Here’s a firearm you might not have seen, unless you’ve been to the National Firearms Museum in Virginia. It looks very familiar, at least to deer hunters of a certain vintage, but a little… well, different.

Let’s begin by going back to the 1890s when the concept first was tried. One of the first semi-auto firearms made by John M. Browning was a semi conversion of a lever-action rifle. It proved the concept of gas-operated firearms and led directly to the Browning-designed Colt Model 1895 “potato digger.” Nearly fifty years later, the above rifle was created by a young man named Bill, using an updated version of the same concept. Here’s the other side.

And here’s a close-up of the action and operating rod.

In 1942, Bill did the same basic thing JMB had sone — convert a lever to semi — with a Savage 99 lever gun in the deerslaying .250-3000 round. But he did it using a gas piston and operating rod similar, conceptually, to the M1 Garand. He used this as a calling card when he went to Springfield Armory and applied for a job. They called his converted Savage “the best portfolio they’d ever seen.” It’s in the National Firearms Museum now.

And yeah, they hired him. After the war Bill went out on his own.

You might have heard of Bill… Bill Ruger.

Ruger went on to bring new manufacturing processes and technologies into gun design; someone would probably have begun using investment castings if he hadn’t, but we probably wouldn’t have seen anything like the laminated parts of the Ruger Mark I pistol (because who has ever copied that idea?

His legacy in the gun culture is muddled, because he also became an anti-gunner, or at least an appeaser thereof. But his whole complex career began with this one carefully-finished rifle.

If you were to show up today, on the site that was once the downtown section of the Springfield Armory, with a rifle of your own invention, you’d probably be thrown in jail for years by the People’s Republic of Massachusetts. The actual Springfield Armory Museum has not one, but something like five, “Victim Disarmament Zone” and “Criminal Support Zone” stickers on it!

But in 1942, it was still an armory, still a place where guns and the manufacturing of them were designed and built. And the country had not yet lost its ever-lovin’ mind over firearms.

This entry was posted in GunTech, Industry, Rifles and Carbines, The Past is Another Country, Weapons Education, Weapons Technology on by Hognose.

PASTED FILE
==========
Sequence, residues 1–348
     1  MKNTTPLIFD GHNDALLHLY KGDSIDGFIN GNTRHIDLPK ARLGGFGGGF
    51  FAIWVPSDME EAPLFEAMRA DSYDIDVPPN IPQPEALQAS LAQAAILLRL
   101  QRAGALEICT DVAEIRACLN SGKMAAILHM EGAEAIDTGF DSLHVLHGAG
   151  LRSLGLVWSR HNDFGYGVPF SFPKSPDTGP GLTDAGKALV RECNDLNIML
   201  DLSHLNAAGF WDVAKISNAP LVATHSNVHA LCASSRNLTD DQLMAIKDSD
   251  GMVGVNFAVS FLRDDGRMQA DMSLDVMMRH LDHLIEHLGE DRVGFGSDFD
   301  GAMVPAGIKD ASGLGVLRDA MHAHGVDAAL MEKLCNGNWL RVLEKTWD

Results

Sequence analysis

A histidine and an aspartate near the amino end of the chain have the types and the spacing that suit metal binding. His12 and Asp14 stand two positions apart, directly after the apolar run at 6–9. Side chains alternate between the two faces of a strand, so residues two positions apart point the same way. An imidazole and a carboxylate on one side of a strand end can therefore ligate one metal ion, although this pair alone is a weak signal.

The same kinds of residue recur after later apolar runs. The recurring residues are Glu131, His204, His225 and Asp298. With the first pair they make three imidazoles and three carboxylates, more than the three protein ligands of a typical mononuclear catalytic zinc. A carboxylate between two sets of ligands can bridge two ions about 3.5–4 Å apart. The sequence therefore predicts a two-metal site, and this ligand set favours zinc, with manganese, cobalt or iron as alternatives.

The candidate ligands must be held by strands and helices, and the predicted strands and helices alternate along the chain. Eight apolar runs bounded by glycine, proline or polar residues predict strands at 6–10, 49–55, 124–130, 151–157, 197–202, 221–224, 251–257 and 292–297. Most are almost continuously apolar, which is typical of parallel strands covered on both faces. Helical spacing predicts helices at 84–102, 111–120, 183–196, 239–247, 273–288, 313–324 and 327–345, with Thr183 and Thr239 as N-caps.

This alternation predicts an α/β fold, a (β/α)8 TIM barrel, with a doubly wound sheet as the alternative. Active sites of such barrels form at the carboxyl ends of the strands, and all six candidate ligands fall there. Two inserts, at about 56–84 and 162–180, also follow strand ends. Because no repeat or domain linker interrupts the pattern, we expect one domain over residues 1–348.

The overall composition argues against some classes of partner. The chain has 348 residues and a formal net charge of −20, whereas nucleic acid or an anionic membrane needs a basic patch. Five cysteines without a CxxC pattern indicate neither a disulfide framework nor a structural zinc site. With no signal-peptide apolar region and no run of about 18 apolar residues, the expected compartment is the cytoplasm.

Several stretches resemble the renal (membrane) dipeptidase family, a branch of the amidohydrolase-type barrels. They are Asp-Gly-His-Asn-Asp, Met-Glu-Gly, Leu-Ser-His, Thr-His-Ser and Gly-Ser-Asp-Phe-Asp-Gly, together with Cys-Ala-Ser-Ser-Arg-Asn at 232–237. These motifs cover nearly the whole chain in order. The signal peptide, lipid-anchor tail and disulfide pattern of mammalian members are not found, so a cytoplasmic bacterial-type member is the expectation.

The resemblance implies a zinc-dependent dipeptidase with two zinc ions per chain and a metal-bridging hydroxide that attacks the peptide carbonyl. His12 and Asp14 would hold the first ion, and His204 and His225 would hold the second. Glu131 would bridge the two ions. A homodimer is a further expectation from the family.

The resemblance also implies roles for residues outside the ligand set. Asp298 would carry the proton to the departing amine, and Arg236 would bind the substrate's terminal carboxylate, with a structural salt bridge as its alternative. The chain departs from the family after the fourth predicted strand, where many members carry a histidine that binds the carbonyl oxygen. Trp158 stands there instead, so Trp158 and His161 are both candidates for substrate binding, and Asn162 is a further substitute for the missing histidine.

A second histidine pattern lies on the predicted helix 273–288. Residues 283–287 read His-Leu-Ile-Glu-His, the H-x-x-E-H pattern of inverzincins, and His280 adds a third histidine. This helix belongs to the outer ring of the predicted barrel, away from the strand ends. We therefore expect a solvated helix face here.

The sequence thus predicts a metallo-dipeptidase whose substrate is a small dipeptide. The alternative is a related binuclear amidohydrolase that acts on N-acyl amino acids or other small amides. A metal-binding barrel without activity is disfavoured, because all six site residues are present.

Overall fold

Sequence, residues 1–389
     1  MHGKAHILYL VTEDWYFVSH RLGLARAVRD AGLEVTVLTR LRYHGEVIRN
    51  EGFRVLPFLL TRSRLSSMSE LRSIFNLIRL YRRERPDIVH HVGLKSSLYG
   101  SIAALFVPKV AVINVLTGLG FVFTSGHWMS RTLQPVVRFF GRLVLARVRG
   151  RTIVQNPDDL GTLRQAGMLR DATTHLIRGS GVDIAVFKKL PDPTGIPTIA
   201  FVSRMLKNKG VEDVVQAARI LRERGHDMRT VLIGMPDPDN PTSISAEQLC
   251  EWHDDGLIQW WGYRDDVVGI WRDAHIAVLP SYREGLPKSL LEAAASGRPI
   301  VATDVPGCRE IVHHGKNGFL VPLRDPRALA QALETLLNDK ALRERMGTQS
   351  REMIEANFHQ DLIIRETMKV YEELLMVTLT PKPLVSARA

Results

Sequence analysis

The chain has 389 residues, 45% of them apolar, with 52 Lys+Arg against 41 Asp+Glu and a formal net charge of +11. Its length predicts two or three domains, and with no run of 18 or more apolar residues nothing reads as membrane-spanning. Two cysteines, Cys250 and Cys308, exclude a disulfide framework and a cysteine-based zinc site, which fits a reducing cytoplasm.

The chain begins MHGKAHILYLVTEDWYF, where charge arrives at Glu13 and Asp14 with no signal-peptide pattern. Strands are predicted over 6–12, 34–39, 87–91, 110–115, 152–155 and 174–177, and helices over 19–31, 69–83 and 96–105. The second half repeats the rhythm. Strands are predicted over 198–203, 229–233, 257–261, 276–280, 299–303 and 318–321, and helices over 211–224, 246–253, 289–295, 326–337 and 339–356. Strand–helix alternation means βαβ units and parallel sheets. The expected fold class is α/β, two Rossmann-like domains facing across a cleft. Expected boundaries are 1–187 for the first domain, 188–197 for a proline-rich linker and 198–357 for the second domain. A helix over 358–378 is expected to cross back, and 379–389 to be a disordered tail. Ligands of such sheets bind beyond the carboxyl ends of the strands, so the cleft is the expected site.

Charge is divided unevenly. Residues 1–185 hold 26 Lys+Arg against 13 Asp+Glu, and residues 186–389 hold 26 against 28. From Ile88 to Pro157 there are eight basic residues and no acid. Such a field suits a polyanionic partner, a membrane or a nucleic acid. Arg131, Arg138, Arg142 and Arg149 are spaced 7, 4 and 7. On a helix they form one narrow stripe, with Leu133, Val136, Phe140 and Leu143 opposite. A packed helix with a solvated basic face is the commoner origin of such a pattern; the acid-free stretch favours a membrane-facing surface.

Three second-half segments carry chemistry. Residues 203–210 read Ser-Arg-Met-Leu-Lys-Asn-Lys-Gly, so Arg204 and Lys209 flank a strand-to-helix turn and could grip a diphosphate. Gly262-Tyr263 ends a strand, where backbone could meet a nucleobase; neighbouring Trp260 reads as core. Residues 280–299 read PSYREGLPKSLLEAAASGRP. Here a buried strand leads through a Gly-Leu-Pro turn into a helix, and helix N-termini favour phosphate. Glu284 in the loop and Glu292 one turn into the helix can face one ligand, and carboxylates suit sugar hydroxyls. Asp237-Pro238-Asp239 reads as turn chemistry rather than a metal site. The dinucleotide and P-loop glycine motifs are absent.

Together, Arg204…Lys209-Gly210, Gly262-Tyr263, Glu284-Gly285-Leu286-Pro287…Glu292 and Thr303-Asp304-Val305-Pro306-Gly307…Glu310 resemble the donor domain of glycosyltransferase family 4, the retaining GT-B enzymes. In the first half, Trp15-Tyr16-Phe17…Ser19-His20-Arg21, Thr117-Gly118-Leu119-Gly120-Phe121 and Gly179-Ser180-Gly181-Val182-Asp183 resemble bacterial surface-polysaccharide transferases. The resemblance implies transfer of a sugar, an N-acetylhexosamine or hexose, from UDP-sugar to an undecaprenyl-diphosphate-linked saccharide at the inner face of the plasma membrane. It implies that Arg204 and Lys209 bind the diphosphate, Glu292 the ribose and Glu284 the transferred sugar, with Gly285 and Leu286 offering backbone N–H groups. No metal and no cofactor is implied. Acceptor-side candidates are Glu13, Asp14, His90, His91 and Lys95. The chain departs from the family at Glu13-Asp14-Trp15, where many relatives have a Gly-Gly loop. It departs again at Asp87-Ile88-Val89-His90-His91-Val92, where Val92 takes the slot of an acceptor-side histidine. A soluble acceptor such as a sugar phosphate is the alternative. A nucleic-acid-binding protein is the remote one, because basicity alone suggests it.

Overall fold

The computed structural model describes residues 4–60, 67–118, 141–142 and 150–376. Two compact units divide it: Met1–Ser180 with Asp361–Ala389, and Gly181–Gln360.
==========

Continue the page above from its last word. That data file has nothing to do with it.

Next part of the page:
About Hognose

Former Special Forces 11B2S, later 18B, weapons man. (Also served in intelligence and operations jobs in SF).

5 thoughts on “The Best Portfolio They’d Ever Seen” -Bill’s 1942 semi conversion


Pity Mr. Ruger didn’t move down under to New Zealand/Australia, and do a gas pig conversion of the SMLE rifle, instead of the Charlton job they came up with.

The idea was a *just in case* design in the event that deliveries of the British and Canadian built versions of the Bren were cut off, either by German occupation or strategic bombing of the British factories, or by Japanese interdiction of surface shipping. Per Wikipedia, the wartime USMC rumours that the *Australian BAR* was made by the Electrolux vacuum cleaner company were true, though the Bren substitute designs were never needed.

Oh yeah; don’t overlook the Reider conversions from South Africa.:

Though the original SMLE barrels were prone to overheating after about three magazines worth of full-auto fire, the low cost of around £2 apiece offered the possibility of converting a whole lot of SMLEs in a hurry, despite the 12-pound or so weight. And, of course, Bill Ruger’s genius might have come up with a quick-change barrel for the Enfields.


Appeaser? He was part of the 1994 AWB. All to save the mini-14.

One of the reasons I wont own a Ruger firearm.


I always thought the .250 Savage had good potential for military service. Pity that potential was never exploited.


Sturm-Ruger today is such a different beast then when Bill Ruger still lived.

I have sometimes wondered if some of the interesting firearms introduced by SR towards the end of Ruger’s life were wish fulfillment for the dying founder. Firearms like the Model 96 lever actions or the Model 99/44 Deerfield Carbine, which weren’t made for very long.


To be clear, I meant the cartridge.